To be in the simple tense                repeat the main verb               There is an open office plan, isn’t it?

To have as the main verb                 do/does or has/have          He has an office, doesn’t he?

Present continuous                                          are/is                   He is living in the city, isn’t he?

Present Perfect                                               has/have                 He has moved to the suburbs, hasn’t he?

 

Task – Find the mistake in each sentence and correct it.

  1. I prefer having my own condominium, do I? (answer: don’t I?)
  2. My boss has his own office in Pinklao, isn’t he?
  3. You live in the suburbs and work in the city, aren’t you?
  4. You don’t want to live outside the city, doesn’t you?
  5. Your brother is working at a new company, doesn’t he?

Podcast

 

Arsenio’s ESL Podcast: Season 3: Episode 17 – Pronunciation – Word Stress in Nouns, Verbs, & Numbers

Welcome back to another week and the first pronunciation exercise of November! Today is another activity in terms of repeating what I say.

It’s time to learn about common stress patterns in words with more than one syllable.

Here are some words that I will be talking about in my podcast.

Pronunciation In This Podcast

ivy, IV

decade, decayed

desert, dessert

one person, one percent

tutors, two tours

character, corrector

homesick, home sick

written, retain

history, his story

fifty, fifteen

Podcast

Arsenio’s ESL Podcast: Season 3 – Episode 12 – Vocabulary – Synonyms and Partial Synonyms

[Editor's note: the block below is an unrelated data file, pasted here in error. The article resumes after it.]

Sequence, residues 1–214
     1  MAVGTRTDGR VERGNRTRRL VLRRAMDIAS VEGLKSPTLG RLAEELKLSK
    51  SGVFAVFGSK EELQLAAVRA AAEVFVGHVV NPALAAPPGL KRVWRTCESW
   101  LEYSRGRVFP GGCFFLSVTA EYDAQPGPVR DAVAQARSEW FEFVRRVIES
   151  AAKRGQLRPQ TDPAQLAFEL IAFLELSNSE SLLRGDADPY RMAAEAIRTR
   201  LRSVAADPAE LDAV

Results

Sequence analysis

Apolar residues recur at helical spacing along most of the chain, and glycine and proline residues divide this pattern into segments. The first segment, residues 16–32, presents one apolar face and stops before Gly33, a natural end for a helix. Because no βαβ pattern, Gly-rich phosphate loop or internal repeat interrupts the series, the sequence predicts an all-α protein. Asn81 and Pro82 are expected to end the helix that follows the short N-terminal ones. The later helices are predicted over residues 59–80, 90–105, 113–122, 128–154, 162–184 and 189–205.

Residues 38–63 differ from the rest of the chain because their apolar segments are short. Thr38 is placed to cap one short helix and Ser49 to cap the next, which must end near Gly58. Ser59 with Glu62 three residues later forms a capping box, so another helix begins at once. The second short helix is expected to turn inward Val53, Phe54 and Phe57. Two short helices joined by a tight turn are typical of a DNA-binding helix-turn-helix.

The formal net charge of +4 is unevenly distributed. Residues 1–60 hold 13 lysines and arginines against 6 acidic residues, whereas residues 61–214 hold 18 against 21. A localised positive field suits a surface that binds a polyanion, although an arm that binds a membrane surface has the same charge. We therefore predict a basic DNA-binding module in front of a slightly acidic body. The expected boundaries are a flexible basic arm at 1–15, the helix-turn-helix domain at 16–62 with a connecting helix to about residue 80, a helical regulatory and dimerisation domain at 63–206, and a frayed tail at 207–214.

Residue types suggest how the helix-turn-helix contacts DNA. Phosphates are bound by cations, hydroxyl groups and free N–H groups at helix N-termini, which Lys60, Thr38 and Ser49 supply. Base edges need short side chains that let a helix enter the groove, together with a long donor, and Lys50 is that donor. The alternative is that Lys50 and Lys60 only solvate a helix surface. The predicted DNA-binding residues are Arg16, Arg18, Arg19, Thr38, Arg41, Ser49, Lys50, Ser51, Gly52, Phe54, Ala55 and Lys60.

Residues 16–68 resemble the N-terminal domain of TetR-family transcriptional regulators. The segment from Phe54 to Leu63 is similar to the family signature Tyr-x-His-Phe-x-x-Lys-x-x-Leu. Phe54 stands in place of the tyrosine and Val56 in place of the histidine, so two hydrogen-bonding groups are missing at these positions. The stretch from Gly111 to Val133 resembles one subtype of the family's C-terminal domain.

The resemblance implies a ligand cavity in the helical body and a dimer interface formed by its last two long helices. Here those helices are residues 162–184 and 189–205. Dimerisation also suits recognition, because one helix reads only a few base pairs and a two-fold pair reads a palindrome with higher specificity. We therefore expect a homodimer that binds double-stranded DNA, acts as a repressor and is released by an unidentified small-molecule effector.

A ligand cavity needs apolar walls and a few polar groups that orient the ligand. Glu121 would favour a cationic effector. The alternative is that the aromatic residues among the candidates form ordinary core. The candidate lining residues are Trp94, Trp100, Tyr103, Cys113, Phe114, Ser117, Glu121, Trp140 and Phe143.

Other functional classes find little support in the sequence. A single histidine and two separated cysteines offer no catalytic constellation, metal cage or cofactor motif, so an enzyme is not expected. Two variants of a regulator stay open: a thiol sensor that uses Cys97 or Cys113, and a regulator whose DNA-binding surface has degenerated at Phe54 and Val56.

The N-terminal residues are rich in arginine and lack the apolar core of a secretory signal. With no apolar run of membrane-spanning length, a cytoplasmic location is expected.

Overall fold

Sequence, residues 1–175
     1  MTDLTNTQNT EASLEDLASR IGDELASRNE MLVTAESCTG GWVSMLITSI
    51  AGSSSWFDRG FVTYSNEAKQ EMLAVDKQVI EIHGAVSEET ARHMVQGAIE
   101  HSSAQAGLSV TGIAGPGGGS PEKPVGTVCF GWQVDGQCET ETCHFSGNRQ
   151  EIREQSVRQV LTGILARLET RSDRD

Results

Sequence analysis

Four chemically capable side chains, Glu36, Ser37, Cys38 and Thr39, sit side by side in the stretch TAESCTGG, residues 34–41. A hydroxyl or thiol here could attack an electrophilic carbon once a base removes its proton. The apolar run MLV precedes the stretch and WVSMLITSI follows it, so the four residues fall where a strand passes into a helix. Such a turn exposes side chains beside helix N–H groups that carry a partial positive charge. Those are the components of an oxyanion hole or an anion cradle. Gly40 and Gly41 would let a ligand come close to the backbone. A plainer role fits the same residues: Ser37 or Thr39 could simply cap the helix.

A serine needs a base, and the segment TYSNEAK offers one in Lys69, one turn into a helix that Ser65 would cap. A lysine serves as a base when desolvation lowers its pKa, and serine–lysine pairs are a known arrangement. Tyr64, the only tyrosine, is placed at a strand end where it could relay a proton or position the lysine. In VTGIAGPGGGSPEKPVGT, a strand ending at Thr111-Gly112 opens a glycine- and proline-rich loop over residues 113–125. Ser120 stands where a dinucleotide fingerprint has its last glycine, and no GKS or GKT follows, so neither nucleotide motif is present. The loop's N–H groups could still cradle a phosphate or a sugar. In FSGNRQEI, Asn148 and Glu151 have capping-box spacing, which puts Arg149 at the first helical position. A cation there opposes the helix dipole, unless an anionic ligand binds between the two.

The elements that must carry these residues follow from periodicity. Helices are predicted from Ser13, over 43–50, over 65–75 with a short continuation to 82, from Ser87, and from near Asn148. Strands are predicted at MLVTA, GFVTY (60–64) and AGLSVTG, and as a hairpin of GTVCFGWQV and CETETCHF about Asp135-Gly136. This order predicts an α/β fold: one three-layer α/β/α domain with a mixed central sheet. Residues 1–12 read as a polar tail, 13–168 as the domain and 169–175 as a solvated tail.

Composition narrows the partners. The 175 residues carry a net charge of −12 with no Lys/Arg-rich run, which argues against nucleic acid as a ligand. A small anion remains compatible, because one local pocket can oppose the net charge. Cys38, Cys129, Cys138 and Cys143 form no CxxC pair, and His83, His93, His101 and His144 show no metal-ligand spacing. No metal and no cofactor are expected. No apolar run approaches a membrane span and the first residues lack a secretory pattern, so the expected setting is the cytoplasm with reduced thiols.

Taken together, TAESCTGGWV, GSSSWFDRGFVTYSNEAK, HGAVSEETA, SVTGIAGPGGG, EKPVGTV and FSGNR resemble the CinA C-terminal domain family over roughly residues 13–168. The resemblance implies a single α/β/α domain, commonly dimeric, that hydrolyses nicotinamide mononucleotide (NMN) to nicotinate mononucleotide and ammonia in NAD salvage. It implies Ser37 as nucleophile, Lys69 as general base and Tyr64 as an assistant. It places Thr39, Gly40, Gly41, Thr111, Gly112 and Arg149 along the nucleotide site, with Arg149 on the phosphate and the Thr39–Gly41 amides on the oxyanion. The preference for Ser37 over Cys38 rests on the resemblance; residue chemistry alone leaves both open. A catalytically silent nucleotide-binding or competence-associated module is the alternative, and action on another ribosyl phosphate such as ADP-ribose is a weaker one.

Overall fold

Welcome back! Here’s another one of those head-scratching lessons that can confuse people.  You have synonyms, and partial synonyms.

Let’s look at some of these words down below and see if we can match some of the synonyms with their partials.

List

Bright, cheerful, clever, difficult, elderly, friendly, glad, happy, hard, intelligent, old, outgoing, slim, social, thin.

Example: Bright – clever – intelligent

Put the words in their categories. 

 

Pronunciation

Based on the stress of the word, I want you to write to enunciate the words above and ask yourself how many syllables each one has.  Example, talkative.  The first syllable is stressed and there are three total.

 

Additional Task

Choose the best alternative.  If there is no difference, choose both.

  1. Don’t call your grandfather old/elderly! It’s more polite to call her old/elderly.
  2. That new teacher in school is really attractive/good-looking.
  3. My friend is always smiling.  She’s a really glad/cheerful person.
  4. You need to eat more.  You look a bit slim/thin to me.
  5. This question is really hard/difficult.
  6. I’m clever/bright enough to do this exercise.

Podcast

 

 

TOEIC Grammar: Double Comparatives & Order of Adverbs

Double comparatives

  • Our nation gets fatter and fatter every year.
  • more and more + adjective :
    The problem is getting more and more difficult to solve.To say that something is increasing all the time.

    We can use comparatives with the definite article the

    The more you say, the worse the situation will be. The more, the merrier.

    To say that two changes happen together.

    Order of Adverbs

    Adverbs that go in mid-position express:

    • frequency: never, rarely, always …
    • certainty: probably, certainly, obviously …
    • degree: nearly, almost, quite …The word order for adverbs in mid-position is as follows:

Tense

Subject

Auxiliary verb

Adverb

Main Verb

Complement

To be in simple tense

I

am

usually

right

Perfect tenses

He

has

already

seen

this film

Modal auxiliary verb

We

can

sometimes

play

tennis

Simple tenses

She

hardly

cooks

dinner

Passive with two auxiliary verbs

He

has

never

been remembered

for his novels

Only and even go just before the words they emphasize. It will only take (only) five minutes.

  • They have even forgotten (even) his name.

Sometimes / sometime / some time

Sometimes: means occasionally

Sometime: means at one moment in the future (it can also mean “one day”)

Let’s have dinner sometime next week.

Some time: means a period of time

She’s lived in Italy for some time, so she speaks Italian quite well.